Court rejects challenge over horse passports

Dispute arose last year when Minister notified society the only persons allowed to sign and stamp passports were vets

Mr Justice Gerard Hogan said identification and traceability of animals was a key element in the control and prevention of disease in the equine sector. A series of controversies over the last two decades in the food and animal sectors had highlighted this. Photograph: Alan Betson/The Irish Times

Mr Justice Gerard Hogan said identification and traceability of animals was a key element in the control and prevention of disease in the equine sector. A series of controversies over the last two decades in the food and animal sectors had highlighted this. Photograph: Alan Betson/The Irish Times

Fri, Dec 20, 2013, 11:04

An organisation of horse owners and breeders has lost its legal challenge to a refusal by the Minister for Agriculture to continue approval for its role in issuing equine passports.

The Irish Cob Society deals with owners and breeders of cob and part-cob horses, a short-legged animal whose records had been maintained by the society, with the Minister’s approval, since 1998.

In his judgment on the society’s action yesterday, Mr Justice Gerard Hogan said identification and traceability of animals was a key element in the control and prevention of disease in the equine sector. A series of controversies over the last two decades in the food and animal sectors had highlighted this.

In November last year the Minister revoked the society’s authority to issue passports and maintain certain equine studbooks relating to the breed.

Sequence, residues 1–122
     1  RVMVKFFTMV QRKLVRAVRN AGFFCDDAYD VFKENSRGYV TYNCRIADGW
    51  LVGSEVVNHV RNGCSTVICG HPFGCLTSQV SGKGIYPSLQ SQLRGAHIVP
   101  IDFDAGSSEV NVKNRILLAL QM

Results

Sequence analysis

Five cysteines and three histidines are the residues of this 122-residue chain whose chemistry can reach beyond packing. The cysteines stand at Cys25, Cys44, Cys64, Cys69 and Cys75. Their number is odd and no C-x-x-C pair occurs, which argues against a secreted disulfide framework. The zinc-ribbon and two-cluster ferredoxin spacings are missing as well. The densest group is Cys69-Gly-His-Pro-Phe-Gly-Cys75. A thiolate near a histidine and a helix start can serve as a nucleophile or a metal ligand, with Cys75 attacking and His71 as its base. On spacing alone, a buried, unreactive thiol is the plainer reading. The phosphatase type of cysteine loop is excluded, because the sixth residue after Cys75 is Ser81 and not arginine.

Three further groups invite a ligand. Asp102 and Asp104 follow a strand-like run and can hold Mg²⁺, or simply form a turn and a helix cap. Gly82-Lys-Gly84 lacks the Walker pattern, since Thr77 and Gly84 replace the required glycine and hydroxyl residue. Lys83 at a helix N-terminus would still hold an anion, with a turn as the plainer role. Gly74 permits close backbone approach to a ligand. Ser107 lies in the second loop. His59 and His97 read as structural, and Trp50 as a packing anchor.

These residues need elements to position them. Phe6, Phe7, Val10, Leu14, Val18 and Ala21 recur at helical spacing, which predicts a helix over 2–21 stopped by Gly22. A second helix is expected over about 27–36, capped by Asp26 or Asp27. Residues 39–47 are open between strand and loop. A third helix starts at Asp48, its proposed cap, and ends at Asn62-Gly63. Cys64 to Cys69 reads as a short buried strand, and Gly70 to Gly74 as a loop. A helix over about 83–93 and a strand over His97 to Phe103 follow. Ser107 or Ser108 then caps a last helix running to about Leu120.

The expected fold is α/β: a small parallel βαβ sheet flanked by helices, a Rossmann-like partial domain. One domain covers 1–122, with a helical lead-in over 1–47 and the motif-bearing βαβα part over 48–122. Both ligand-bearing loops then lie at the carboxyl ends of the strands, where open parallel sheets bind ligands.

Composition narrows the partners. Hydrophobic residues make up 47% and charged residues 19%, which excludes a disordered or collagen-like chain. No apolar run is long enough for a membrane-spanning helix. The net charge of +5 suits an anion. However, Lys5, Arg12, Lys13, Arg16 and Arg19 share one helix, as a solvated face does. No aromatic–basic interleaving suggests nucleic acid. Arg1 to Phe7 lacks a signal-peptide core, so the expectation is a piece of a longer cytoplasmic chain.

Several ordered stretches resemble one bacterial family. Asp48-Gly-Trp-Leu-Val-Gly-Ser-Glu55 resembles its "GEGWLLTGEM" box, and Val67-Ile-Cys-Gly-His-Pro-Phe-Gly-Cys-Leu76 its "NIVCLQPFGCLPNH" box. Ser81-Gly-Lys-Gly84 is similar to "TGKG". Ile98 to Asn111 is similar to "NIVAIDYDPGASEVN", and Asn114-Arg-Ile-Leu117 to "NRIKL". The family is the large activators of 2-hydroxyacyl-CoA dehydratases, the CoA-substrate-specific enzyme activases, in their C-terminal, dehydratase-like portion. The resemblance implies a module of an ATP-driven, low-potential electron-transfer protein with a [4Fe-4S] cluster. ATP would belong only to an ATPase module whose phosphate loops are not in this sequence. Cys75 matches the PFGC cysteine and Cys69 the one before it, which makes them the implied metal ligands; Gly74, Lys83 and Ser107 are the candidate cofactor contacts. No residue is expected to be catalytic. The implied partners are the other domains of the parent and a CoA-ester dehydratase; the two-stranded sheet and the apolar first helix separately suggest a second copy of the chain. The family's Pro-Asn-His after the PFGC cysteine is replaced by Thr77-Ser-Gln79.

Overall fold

Irish law
The dispute arose last year when, arising out of EU regulations transposed into Irish law in 2011, the Minister notified the society the only persons allowed to sign and stamp identifying documentation, equine passports, relating to the animals were vets who had inserted a microchip transponder into the animal as part of the identification system.

Society secretary Evelyn Flynn told the department she was awaiting the enactment of legislation to legally clarify and establish the position whereby a person other than a vet can sign the documentation in a situation where the chip had not been originally implanted by a vet.

‘Special meanings’
Mr Justice Hogan said he failed to see any basis from Ms Flynn’s complaint that the society was prejudiced by the department’s “special meanings and interpretations” of the EU regulations. The interpretation was “absolutely straightforward and correct” and the society had ample notice of the department’s views.

While the integrity of Ms Flynn and the society was beyond question, the importance of adhering to fundamental regulatory principles was of “immense importance in matters of animal welfare and food safety”.

The judge also said he could not but observe that, regrettably, the society had demonstrated it could not be relied on faithfully and consistently to apply the regulations, notwithstanding getting “warning after warning”.

The department carried out an inspection of the society’s records in January 2012 when concerns were first raised and there were subsequent breaches of the regulations by the society, he said.